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NORA Oilheat Technicians Manual

Chapter 5 Nozzles and Chambers Figure 5-19: Combustion chamber design Good Combustion Preferred Shape Eddy Current Pockets Eddy Current Pockets 5-18 Nozzles and Combustion Chambers chamber first. If the old chamber is deteriorated, wrap the material with a stainless steel binder. If the old chamber was too small or the wrong shape, lining it will not help. Ceramic chambers become brittle after firing. Do not touch it with a vacuum cleaner hose or flame mirror after it has been used. The material is intended for firing rates below 3 GPH, and will withstand about 2,300°F. It can be purchased by the foot or is available in pre-shaped sizes. The material gives quieter operation, less smoke and fuel savings. Molded chamber: Many manufacturers install their own molded chambers in their packaged units. They are usually made of semi-insulating refractory material. Chamber shapes The best shape for a chamber is round or oval so the hot gases can sweep back smoothly. In a square or rectangular chamber, eddy currents develop in the corners requiring more excess air to burn completely. The correct height is most important. All combustion should take place in the chamber. There should be little if any flame above the chamber. The top of the chamber should be about as far above the nozzle as the floor is below it. See Figure 5-19. Sizing the chamber The gallons-per-hour firing rate determines the size of the chamber. A firing rate of .75 to 3 GPH requires 80 square inches of chamber floor space per gallon of fuel. A firing rate from 3.5 to 5 GPH requires 90 square inches, and over 5.5 GPH requires 100 square inches per gallon. See Table 5-2 and Figure 5-20. Installing a low firing rate chamber There are many very good pre-cast absorbs much more heat before it begins reflecting any back into the burning zone. It is unsatisfactory for residential purposes, but is used in commercial units because it stands up better to the shock loads of high firing rates. The brick comes in the standard size of 9" long by 4.5" high, and 2.5" deep. It is also made in runners and pre-cast chambers. Metal fire chambers: Metal chambers are used primarily in factory-built “packaged units” because they can be shipped in place without damage or breakage and do not require bracing. Metal chambers are much better than common fire brick. However, they are sensitive to improper nozzle selection and overfiring. A nozzlefiring rate that is too high, or a lopsided fire can distort or even burn a hole through the wall of the chamber. Direct flame impingement on the chamber must be avoided. Metal chambers must have free flowing air behind them to keep them from burning through. Do not put any kind of insulating material, including soot, around the chamber. The higher flame temperatures of flame retention burners is tough on metal chambers; it is usually a good idea to replace a burned out metal chamber with a pre-cast ceramic one. Ceramic chambers: Ceramic material is excellent for chambers. It reflects heat quickly while absorbing very little and it is easy to install. If the old chamber is still in good condition, you may use ceramic blanket material to line the old chamber. Be sure to seal any air leaks in the old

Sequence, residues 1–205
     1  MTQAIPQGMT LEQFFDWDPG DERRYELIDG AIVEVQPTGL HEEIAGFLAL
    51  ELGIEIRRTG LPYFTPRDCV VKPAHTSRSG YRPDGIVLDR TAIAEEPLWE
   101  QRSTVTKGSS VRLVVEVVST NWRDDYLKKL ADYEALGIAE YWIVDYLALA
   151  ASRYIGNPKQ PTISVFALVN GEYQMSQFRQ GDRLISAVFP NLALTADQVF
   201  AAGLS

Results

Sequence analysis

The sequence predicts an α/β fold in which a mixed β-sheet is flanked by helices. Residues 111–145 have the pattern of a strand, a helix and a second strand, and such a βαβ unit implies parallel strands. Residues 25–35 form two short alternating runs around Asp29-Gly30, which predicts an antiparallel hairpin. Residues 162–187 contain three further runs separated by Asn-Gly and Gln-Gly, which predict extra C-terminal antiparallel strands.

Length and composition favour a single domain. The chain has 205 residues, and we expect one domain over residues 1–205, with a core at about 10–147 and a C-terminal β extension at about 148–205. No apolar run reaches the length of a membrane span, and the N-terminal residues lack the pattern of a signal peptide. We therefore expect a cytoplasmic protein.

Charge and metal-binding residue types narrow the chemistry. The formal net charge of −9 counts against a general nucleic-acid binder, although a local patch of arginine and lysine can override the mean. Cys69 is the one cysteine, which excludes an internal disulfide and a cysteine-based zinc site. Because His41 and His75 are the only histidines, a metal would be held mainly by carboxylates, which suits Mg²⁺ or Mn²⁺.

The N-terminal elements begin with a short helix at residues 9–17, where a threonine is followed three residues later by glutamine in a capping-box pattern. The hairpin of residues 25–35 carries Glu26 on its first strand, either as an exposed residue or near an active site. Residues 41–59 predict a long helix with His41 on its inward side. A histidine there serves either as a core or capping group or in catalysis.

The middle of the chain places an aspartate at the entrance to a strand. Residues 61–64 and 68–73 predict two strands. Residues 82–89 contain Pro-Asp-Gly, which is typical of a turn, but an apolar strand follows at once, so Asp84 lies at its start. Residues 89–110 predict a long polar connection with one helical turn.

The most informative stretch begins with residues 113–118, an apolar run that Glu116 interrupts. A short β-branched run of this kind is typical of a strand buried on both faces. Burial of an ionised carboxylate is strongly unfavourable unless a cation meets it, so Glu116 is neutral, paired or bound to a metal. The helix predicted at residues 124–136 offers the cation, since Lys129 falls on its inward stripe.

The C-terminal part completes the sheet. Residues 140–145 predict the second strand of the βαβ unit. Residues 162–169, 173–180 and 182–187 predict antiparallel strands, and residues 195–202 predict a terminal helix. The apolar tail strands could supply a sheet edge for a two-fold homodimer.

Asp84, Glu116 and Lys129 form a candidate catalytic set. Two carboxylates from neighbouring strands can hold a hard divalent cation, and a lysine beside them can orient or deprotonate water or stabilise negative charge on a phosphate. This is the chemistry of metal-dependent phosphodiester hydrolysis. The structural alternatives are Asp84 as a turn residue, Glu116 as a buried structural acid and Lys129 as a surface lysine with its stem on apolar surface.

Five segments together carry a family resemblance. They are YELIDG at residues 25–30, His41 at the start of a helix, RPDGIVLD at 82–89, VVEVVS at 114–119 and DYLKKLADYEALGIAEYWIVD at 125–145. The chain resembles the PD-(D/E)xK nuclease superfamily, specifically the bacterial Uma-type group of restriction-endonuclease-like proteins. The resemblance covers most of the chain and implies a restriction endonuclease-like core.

NORA Oilheat Technicians Manual
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